Featuring Ned Mamula, Petroleum Geologist, formerly with the U.S. Geological Survey, Minerals Management Service, and the Central Intelligence Agency; moderated by Patrick Michaels, Director, Center for the Study of Science, Cato Institute.
For libertarians, the basic unit of social analysis is the individual. Individuals are, in all cases, the source and foundation of creativity, activity, and society. In the new issue of Cato Policy Report, Cato scholar David Boaz, author of The Libertarian Mind: A Manifesto for Freedom, explains the roles and rights of individuals in a free society, and cautions against a vision of a world in which individuals have no way to cooperate with others except through the state.
Two long wars, chronic deficits, the financial crisis, the costly drug war, the growth of executive power under Presidents Bush and Obama, and the revelations about NSA abuses, have given rise to a growing libertarian movement in our country – with a greater focus on individual liberty and less government power. David Boaz’s newly released The Libertarian Mind is a comprehensive guide to the history, philosophy, and growth of the libertarian movement, with incisive analyses of today’s most pressing issues and policies.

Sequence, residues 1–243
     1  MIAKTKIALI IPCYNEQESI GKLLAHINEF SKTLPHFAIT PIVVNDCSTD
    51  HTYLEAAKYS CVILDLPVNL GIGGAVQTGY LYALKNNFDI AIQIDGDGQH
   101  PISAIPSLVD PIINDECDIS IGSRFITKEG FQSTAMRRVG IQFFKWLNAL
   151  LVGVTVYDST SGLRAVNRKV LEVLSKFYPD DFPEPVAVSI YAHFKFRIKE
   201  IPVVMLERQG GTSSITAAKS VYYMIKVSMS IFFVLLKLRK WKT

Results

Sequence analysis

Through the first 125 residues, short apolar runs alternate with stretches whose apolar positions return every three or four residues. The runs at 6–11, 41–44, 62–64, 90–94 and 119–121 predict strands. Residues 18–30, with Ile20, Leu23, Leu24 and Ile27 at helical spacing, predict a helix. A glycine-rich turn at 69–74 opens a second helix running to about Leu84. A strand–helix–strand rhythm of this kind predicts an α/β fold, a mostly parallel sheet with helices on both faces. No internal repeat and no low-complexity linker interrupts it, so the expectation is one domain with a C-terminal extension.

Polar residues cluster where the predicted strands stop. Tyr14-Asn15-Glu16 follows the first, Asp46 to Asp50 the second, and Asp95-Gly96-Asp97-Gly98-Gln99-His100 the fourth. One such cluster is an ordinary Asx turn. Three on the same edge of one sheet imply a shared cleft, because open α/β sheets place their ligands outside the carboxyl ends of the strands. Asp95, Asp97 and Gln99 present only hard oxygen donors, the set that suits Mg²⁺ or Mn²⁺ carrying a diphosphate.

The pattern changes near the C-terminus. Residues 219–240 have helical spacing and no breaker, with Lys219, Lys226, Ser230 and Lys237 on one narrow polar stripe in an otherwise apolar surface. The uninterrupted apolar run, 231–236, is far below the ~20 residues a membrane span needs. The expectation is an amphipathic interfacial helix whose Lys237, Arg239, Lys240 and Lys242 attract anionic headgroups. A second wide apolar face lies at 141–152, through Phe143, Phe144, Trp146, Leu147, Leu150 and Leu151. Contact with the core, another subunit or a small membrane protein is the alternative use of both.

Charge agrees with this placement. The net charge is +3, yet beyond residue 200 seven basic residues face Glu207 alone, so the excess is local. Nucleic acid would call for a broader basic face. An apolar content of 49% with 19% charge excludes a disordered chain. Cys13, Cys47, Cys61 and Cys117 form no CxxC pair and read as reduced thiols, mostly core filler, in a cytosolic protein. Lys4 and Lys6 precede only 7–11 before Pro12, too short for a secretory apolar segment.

Featuring Louis Fisher, Specialist on the Constitution, Law Library of Congress; and Jeffrey Rosen, Professor, The George Washington University School of Law. Moderated by Gene Healy, Vice President, Cato Institute.
George W. Bush’s administration pushed relentlessly to expand presidential power at the expense of Congress. In late 2007, in an interview with the Boston Globe, presidential candidate Barack Obama repudiated virtually all of the Bush administration’s most controversial executive power claims. Will President Obama follow through and oversee a more modest presidency that recognizes constitutional limitations? Or will the new administration end up expanding the powers of the presidential office? Please join us to discuss the prospects and possibilities for the presidency in the Obama era.